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  • Everyday we wake up, the question is usually, "What does this day hold for me?" How often do we ask, "What does this day hold for the boys staring back at me....?"

    Yesterday I made the two hour train journey to visit my friend, Sasha and her family. I packed a rucksack with a change of clothing in case I decided to overnight at the camp site they were staying at for the weekend and I set out with my youngest.

    Sasha recently returned from Trinidad and I was going there to collect the crucial items requested from my homeland: two bars of blue soap and home-made pepper sauce. A Trini's life is in turmoil without these!

    The day was so beautiful and the bitter sweet feelings of returning to the county I spent eight of my years as the train pelted though the gardens of England, that for a moment there was nothing to be thought of but to just sit and feel.

    Sasha picked me up at the train station and we made our way, first to her home to get the items, then to her friend's place to pick up another child and then off to the camp site. It was in the car that she explained who we were on our way to collect.

    Although Sasha and her husband have two children of their own, they also are foster parents to two others; a young lady who is 16 years old and a boy who is 14. We were going to collect another 14 year old who was found and rescued with the boy currently in Sasha's care but who was being fostered by another of Sasha's friends. It was an arrangement so as, to not really separate the two.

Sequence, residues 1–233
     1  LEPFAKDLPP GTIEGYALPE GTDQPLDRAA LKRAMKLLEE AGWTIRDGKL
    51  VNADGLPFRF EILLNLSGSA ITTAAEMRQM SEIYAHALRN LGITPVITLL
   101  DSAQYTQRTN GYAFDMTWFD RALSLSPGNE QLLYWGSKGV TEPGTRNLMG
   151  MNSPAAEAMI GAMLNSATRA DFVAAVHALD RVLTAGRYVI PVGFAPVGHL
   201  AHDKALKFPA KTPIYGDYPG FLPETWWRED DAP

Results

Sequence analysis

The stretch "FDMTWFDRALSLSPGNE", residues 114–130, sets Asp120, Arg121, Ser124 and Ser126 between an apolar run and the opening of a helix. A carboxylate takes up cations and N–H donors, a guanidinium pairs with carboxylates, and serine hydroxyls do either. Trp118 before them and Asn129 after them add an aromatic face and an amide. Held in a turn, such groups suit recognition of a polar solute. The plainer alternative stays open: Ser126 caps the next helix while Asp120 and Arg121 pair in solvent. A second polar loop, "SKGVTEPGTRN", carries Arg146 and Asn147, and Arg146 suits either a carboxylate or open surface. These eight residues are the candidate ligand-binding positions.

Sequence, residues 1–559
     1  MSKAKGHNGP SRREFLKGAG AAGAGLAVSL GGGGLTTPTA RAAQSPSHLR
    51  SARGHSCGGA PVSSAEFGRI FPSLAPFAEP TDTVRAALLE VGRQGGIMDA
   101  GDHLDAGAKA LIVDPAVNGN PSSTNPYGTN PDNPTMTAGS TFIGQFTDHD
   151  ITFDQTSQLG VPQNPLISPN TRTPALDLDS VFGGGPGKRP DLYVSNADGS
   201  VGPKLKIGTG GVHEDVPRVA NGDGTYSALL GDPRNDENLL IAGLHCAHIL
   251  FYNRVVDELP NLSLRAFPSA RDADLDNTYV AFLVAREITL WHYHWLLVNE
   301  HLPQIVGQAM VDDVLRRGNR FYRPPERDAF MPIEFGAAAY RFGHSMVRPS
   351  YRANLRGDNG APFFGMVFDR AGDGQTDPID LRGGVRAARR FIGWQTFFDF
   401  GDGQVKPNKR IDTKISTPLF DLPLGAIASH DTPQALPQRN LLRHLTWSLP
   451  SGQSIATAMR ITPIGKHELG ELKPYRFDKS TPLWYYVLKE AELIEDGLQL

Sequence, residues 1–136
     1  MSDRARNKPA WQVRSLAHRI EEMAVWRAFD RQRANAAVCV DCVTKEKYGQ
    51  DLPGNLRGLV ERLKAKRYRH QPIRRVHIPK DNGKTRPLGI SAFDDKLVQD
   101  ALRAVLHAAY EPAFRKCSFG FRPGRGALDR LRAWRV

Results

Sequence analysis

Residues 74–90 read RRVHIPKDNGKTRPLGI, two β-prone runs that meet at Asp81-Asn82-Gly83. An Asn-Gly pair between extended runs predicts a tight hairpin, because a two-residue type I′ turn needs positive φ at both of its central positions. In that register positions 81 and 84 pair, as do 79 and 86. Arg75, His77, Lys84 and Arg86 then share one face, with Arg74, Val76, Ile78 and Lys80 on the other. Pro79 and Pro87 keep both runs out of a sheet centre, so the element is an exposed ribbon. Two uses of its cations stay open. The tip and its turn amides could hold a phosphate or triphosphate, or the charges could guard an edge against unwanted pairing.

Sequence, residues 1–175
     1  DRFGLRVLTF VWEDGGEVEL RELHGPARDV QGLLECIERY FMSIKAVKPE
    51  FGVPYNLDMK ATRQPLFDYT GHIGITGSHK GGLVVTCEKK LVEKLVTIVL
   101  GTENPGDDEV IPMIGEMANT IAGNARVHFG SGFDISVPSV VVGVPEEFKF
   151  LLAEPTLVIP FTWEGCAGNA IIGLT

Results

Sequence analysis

"Where are they from?" I asked.

    "Afghanistan." She replied. "M has been with me for five weeks now. Not a word of English and initially he refused to sit at the table with me. He is coming around."

    "And H?" I prodded.

    "H was found at the back of the lorry with M. They were trafficked all the way from Afghanistan and they insist they have no parents left."

    "How many children were there, Sash?!"

    "Five."

    We sat in the sun and talked about the tent, the children, more friends joined us and the children all played on the green and in the nearby woods.

    The boys clearly had a passion for cricket, Sasha and her husband discovered, and we brought out the bat, balls and stumps.

    We tried our utmost to be the West Indians we are, but the boys destroyed us! Talk about golden ducks.

    I promised to find out from local cricket clubs what they can do for these boys.

    Thank you Sasha and Q-Dog for your love and devotion in providing a safe and happy home to your foster children.


    Matthew and I boarded the train back to London. I tried explaining to my 9 year old the circumstances around how the boys he spent the whole day with, arrived in the UK. He understands what child trafficking, war and asylum are. I know when he is emotionally affected but he remains silent.

    He rests his head on my shoulder and falls asleep and I look out the window at the fields going past.
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